Achan. Not exactly a household name; you’ll soon understand why. His is a sad story we may shake our heads at. Yet if I’m honest, I likely would have died alongside him for the same reason.
Achan’s story begins on the heels of Israel’s victory over Jericho. Their next opponent was the undersized city of Ai. Based upon intelligence reports, Joshua sent only 3000 soldiers to deal with the small city. Yet Ai routed Israel – killing 36 Israeli soldiers in the process. As Joshua investigated why, God revealed to him that Israel lost because someone within the camp had disobeyed on the previous battlefield.
Specifically, when Israel leveled Jericho, the soldiers were instructed to give any recovered gold or silver to the priests for the treasury of God’s house (Joshua 6:24). As far as anyone knew, all had followed God’s instructions to the letter that day. It wasn’t until after the failure against Ai that the truth was revealed.
The next day, Joshua called forth the tribe of Judah, then the clan of the Zerahites. From them, the families of Zimri were called. Next, Karmi and his sons were selected. Finally, Achan stood alone before Joshua. Knowing the gig was up, Achan confessed:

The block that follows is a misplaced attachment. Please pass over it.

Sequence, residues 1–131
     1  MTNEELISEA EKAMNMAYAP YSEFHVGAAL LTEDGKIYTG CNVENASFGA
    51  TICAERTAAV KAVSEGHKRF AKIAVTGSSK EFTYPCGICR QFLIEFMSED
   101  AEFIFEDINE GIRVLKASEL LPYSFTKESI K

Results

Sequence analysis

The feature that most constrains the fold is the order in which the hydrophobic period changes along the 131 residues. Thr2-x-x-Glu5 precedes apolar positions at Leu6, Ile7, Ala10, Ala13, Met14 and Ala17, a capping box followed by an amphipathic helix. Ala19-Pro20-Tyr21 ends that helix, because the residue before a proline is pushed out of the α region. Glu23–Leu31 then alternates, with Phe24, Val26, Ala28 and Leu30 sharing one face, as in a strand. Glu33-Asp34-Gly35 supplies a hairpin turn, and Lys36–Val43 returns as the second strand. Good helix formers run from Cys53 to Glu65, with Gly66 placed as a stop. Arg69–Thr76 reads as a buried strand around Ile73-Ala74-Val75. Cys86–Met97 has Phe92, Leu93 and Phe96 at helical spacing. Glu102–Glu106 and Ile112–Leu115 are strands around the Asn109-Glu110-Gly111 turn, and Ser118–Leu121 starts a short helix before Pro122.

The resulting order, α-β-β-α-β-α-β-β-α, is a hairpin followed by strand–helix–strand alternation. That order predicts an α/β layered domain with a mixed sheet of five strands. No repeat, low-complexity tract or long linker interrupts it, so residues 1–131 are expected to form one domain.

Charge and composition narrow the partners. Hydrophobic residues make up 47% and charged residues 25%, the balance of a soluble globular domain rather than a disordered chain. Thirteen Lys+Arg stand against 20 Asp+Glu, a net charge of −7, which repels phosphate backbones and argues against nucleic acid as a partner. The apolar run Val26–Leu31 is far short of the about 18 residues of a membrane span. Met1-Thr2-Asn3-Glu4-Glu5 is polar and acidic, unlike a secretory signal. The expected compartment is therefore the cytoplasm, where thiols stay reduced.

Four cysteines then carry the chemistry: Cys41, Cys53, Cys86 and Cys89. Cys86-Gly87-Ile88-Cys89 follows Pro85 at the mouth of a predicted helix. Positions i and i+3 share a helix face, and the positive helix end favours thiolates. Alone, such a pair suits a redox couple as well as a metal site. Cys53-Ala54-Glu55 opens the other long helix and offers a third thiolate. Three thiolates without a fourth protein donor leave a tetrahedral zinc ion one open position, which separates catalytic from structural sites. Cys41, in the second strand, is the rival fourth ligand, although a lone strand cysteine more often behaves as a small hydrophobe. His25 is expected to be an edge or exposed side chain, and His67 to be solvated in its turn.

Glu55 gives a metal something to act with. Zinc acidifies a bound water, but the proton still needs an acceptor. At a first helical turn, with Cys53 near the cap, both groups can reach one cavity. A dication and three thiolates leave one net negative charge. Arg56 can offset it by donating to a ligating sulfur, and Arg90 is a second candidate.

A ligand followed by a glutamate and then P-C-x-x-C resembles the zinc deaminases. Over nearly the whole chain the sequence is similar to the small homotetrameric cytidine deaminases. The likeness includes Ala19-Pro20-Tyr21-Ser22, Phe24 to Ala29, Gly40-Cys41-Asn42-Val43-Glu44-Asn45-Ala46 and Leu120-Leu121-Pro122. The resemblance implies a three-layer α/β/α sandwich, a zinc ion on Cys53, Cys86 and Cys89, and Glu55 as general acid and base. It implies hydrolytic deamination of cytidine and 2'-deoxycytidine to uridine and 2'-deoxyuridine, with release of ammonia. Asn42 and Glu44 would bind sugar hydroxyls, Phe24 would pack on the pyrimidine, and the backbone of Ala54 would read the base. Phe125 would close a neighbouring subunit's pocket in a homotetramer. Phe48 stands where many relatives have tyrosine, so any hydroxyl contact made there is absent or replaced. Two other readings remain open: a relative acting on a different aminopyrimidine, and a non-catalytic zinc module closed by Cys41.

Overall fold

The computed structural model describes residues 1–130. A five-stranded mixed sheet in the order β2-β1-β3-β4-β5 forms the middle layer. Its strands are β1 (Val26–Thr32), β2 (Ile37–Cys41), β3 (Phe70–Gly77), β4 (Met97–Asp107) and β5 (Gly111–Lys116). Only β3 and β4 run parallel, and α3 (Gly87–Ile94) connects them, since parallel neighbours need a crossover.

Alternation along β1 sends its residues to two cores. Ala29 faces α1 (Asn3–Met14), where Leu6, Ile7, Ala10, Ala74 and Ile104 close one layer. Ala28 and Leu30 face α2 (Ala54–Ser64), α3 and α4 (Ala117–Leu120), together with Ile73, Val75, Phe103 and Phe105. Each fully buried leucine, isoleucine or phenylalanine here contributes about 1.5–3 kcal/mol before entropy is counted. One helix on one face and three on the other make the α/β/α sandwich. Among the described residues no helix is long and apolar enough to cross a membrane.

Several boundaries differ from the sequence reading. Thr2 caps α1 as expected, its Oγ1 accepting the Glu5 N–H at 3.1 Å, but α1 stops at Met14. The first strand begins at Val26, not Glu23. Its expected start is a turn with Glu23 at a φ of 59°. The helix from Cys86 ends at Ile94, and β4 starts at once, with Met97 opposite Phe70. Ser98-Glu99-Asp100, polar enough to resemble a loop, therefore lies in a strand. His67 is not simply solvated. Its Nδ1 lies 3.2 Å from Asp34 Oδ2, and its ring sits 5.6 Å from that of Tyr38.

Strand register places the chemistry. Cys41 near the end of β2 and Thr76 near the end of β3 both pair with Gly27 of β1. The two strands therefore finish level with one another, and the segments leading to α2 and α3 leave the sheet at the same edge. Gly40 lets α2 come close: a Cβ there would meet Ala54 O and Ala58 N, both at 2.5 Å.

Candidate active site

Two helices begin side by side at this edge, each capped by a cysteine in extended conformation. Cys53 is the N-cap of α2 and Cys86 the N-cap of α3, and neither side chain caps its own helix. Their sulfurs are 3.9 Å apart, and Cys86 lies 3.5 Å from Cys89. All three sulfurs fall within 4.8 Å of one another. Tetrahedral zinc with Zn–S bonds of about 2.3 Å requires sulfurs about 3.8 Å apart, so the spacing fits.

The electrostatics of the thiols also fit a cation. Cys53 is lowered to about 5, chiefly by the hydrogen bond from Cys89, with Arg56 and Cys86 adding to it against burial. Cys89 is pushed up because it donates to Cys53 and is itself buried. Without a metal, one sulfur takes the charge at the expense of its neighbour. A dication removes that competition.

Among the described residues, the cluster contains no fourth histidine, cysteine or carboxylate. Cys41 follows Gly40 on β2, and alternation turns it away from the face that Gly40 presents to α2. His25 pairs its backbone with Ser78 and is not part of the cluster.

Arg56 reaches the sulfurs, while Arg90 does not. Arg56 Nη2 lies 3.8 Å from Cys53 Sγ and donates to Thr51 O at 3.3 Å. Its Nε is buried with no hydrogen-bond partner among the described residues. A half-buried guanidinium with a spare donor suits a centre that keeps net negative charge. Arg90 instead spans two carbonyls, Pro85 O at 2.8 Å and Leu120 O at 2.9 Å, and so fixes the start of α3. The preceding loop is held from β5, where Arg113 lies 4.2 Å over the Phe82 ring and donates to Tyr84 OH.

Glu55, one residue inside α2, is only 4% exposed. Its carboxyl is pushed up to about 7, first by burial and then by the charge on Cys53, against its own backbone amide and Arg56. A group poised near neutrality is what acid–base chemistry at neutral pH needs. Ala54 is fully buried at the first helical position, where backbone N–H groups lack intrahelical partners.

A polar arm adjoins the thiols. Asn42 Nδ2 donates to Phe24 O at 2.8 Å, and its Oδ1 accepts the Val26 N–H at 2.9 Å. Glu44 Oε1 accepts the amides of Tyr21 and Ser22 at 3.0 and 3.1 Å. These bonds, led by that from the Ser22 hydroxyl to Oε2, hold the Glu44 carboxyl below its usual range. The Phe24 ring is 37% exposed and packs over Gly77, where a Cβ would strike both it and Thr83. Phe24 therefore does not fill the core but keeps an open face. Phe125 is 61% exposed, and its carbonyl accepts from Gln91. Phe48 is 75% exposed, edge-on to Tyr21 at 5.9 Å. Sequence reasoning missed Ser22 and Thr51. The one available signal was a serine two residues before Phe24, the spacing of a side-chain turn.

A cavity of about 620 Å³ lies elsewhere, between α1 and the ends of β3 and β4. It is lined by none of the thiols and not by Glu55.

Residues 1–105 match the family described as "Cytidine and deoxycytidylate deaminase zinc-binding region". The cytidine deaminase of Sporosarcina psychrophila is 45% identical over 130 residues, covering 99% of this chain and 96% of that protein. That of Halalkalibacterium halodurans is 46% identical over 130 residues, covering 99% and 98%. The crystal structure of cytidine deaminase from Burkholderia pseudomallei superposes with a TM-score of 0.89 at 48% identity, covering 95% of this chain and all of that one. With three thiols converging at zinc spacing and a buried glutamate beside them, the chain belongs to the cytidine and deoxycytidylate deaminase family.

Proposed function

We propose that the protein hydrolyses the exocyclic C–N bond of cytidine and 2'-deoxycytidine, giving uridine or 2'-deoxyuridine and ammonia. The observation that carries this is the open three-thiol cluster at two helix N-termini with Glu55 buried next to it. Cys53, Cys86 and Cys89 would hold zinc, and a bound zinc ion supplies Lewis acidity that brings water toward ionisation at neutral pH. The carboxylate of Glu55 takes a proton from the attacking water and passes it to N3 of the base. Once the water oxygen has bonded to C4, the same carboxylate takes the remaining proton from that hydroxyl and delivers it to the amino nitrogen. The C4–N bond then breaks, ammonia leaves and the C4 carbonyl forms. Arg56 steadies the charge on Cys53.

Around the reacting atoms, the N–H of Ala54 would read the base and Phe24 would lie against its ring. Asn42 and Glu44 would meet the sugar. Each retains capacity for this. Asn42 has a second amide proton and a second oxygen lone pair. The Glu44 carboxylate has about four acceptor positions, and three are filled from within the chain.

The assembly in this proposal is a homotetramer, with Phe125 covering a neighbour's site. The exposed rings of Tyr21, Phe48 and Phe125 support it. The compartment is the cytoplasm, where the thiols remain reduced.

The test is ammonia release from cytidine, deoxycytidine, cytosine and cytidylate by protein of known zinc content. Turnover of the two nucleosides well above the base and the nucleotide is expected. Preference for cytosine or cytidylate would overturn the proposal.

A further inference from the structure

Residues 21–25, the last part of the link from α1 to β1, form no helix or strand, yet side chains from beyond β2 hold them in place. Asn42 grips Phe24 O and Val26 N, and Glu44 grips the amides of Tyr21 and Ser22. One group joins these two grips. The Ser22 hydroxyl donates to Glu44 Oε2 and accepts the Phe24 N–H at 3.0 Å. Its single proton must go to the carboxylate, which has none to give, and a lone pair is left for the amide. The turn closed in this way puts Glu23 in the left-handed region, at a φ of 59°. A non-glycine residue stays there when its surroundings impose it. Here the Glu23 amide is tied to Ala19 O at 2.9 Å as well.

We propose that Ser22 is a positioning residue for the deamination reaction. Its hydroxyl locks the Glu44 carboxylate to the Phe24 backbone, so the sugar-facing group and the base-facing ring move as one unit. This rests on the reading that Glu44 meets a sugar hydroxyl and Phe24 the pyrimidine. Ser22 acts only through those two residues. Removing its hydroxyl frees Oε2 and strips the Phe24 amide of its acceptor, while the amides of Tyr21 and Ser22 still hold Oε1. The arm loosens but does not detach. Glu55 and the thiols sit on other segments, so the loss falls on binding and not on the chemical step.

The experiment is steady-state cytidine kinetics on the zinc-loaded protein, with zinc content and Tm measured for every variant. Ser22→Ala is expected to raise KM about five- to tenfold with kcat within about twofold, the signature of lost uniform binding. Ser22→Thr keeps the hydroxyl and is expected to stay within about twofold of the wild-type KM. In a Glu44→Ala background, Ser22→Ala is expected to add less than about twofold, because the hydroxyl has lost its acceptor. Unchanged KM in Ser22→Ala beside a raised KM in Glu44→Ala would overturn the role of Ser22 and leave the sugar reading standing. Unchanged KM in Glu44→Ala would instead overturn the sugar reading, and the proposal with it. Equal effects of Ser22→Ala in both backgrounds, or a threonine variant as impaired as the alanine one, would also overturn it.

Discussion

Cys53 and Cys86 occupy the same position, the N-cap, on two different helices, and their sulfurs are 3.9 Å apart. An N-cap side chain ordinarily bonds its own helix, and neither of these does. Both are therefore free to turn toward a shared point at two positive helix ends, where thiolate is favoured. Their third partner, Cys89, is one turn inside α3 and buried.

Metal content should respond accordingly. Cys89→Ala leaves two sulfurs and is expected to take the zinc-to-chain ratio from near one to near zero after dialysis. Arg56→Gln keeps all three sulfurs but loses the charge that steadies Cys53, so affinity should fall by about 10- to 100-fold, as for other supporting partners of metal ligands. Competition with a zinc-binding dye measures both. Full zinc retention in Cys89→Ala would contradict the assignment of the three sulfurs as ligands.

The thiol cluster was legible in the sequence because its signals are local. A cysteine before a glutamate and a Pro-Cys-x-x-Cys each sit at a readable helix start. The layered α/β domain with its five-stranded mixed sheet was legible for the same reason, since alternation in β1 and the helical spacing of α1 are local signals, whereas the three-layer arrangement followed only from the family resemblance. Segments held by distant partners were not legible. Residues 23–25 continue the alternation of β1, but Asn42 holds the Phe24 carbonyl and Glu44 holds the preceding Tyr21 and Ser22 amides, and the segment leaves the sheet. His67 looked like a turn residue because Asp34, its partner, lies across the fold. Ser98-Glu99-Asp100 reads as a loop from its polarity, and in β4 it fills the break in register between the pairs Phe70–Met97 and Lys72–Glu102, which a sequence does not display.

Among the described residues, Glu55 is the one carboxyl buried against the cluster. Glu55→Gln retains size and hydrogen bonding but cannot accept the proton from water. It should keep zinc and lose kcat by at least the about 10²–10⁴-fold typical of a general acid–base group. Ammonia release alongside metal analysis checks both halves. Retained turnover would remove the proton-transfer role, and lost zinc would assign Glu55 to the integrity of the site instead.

It is true! I have sinned against the Lord, the God of Israel. This is what I have done: When I saw in the plunder a beautiful robe from Babylonia, two hundred shekels of silver and a bar of gold weighing fifty shekels, I coveted them and took them. (Joshua 7:20-21)
Just like Eve in the garden, Achan saw something desirable, longed for it within his heart, and then reached out and took what was forbidden. As I admitted at the beginning, I may have done the same thing. I mean the bar of gold alone (over 20 ounces) was worth ~$28,000 today. Can you imagine the temptation? It would have been so easy to slip that small bar of gold into the ole’ pocket and walked on.
Achan knew the value of gold, but he grossly underestimated the cost of his coveting. Not only did he die for his disobedience, but so did his entire household, and the 36 soldiers mentioned earlier.
The cost of coveting is more than you’ll want to pay later – ask God to help you avoid it today! –Dave
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